Just how many last chances can an accused killer get?

That's the question at the heart of an unusual set of proceedings which kicked off this week in the B.C. Court of Appeal.

At stake: the futures of Malkit Kaur Sidhu and Surjit Singh Badesha, the B.C. pair accused of masterminding the slaying of Sidhu's daughter, Jaswinder (Jassi) Sidhu.

All that's missing: 'a hood over their heads'

Lawyers for Sidhu and Badesha are hoping for a stay of extradition proceedings against their clients as a remedy for what they claim was an elaborate plan to whisk the pair out of the country last September. 

They believe the government wanted to deny them any opportunity for more appeals following what was expected to be a rejection of a plea for clemency to Justice Minister Jodi Wilson-Raybould.

Jaswinder Sidhu

Jaswinder Sidhu, 25, also known as Jassi, was killed in the Punjab in 2000. Indian authorities claim her family disapproved of her marriage to a poor rickshaw driver. (CBC)

They'll make that case in April. But on Tuesday, Badesha lawyer Michael Klein gave a preview as part of an application for disclosure of government documents he believes could reveal an abuse of process.

"This is the minister of justice. This is the person in charge of the justice system for this country. And it is significant conduct," he argued.

"I thought the minister's behaviour in this regard was scandalous. There was only one thing missing — and that was a hood over their heads."

All the way to the Supreme Court of Canada

The arguments centre around exactly where a person's legal options end after they've been ordered out of the country.

The appeal court proceedings are only the latest twists and turns in an 18-year odyssey that began with the death of Jassi Sidhu, the 25-year-old slain in 2000 for what Indian authorities claim was the sin of defying her family's wishes by marrying a poor Indian rickshaw driver.

Sidhu's throat was slit and her body dumped in a canal when she and her new husband were attacked by a group of armed men in the Punjab.

Uncle and mother of Jassi Sidhu in 2012 court sketch

Surjit Singh Badesha, left, and Malkit Kaur Sidhu have been ordered extradited to India, but the plan was put on hold after a last minute appeal last fall. The pair were not in court on Tuesday. (Court sketch/CBC)

The young woman's mother and uncle were taken into custody in 2012. The B.C. Supreme Court ruled in favour of extradition in 2014, but the appeal court stayed that finding.

The case climbed all the way to the Supreme Court of Canada where a unanimous ruling last September set the wheels in motion for Badesha and Sidhu's removal.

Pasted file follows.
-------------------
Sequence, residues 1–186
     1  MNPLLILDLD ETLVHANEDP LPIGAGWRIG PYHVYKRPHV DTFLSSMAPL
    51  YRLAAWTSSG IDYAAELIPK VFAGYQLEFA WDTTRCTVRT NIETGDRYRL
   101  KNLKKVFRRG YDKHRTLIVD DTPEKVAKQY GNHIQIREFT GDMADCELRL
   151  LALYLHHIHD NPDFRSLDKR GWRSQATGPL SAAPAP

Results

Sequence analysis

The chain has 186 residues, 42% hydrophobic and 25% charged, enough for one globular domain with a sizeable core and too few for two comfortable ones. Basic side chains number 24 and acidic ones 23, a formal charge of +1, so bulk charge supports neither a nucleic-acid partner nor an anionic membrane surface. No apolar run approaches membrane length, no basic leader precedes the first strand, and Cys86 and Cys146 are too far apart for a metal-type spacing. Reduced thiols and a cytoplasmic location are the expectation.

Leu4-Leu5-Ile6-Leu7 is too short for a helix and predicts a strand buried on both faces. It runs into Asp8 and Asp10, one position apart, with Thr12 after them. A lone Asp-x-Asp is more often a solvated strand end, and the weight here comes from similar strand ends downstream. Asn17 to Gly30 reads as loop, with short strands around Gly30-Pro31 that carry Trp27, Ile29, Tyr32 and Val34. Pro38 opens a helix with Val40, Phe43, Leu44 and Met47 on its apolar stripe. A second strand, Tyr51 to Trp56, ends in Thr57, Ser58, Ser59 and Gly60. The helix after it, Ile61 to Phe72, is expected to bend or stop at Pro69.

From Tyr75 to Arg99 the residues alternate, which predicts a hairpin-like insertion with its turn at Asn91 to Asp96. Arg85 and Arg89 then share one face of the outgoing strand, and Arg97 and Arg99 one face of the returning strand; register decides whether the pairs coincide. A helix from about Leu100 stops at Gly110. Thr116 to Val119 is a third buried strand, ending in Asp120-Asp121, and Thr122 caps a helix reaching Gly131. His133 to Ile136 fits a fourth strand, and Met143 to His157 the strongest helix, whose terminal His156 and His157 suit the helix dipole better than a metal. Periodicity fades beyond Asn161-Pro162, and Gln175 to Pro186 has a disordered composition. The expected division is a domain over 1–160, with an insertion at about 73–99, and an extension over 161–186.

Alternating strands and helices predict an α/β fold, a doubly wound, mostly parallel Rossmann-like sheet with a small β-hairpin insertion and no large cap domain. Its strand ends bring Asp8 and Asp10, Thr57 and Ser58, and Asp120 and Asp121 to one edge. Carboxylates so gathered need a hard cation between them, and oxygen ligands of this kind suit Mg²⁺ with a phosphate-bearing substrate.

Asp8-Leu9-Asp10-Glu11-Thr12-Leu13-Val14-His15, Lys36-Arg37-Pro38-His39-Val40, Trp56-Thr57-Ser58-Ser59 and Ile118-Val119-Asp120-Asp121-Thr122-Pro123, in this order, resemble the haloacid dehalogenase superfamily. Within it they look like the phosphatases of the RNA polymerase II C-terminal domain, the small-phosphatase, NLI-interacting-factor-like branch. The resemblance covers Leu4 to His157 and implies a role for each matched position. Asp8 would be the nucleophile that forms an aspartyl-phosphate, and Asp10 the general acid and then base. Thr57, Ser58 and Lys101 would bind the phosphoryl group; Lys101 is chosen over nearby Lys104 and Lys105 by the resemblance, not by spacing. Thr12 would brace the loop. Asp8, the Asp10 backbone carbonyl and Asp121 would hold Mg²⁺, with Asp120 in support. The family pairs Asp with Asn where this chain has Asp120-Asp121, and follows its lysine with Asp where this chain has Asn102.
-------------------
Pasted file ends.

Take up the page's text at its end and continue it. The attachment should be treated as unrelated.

But before that could happen, Wilson-Raybould had to rule on one final appeal for clemency, filed before the Supreme Court ruling, arguing the pair might face mistreatment and torture in India.

That's when things got complicated.

No right to a judicial review?

According to Klein, a plan was hatched to remove Badesha and Sidhu from pretrial custody in B.C.  to the tarmac at Pearson airport on Sept. 20.

They were in the custody of RCMP officers, with Indian police on hand, ready to whisk them back to India when a last-minute filing to the B.C. appeal court forced a dramatic halt to proceedings. 

Wilson-Raybould had yet to render her final judgment. But the inference was clear: within minutes of a negative decision coming down, Badesha and Sidhu would have been shipped off to India, denying them any further legal options.

Bill C 45 Committee 20170919

A lawyer for Justice Minister Jody Wilson-Raybould claimed she has a right to remove someone from the country, even if it precludes a last minute application for judicial review. (Justin Tang/Canadian Press)

When pushed by the appeal court judges, government lawyer Deborah Strachan didn't argue that interpretation.

"The real complaint here is whether that is correct in law — that the minister could take steps to surrender immediately upon a decision being made, and thereby preclude an opportunity for judicial review," she told the panel.

"It will be our argument that the minister takes the view that the applicants are not allowed another period of 30 days for judicial review."

A 'drastic remedy'?

Strachan faced some tough questions from the judges, who asked if the government deliberately set out to deprive Sidhu and Badesha of the right to counsel.

She put it differently: "The minister's position is that the applicants were not afforded the opportunity to contact counsel and that there was no intention to take positive steps to enable them to do that."

Strachan opposed the application for disclosure, but also said it was important to keep attention on the "main event" — even if the minister's actions were judged to be wrong, would that qualify for a stay to the extradition and an end to an 18-year quest for justice for a young woman allegedly killed for asserting her independence?

Earlier in the day, Klein had argued that a stay was warranted.

"A stay is a drastic remedy," he said. "But a stay also sends a message as to how the minister is to conduct themselves."

Strachan disagreed.

"If these proceedings are stayed, that's it," she told the court. "The court has what it needs to determine whether this conduct was egregious."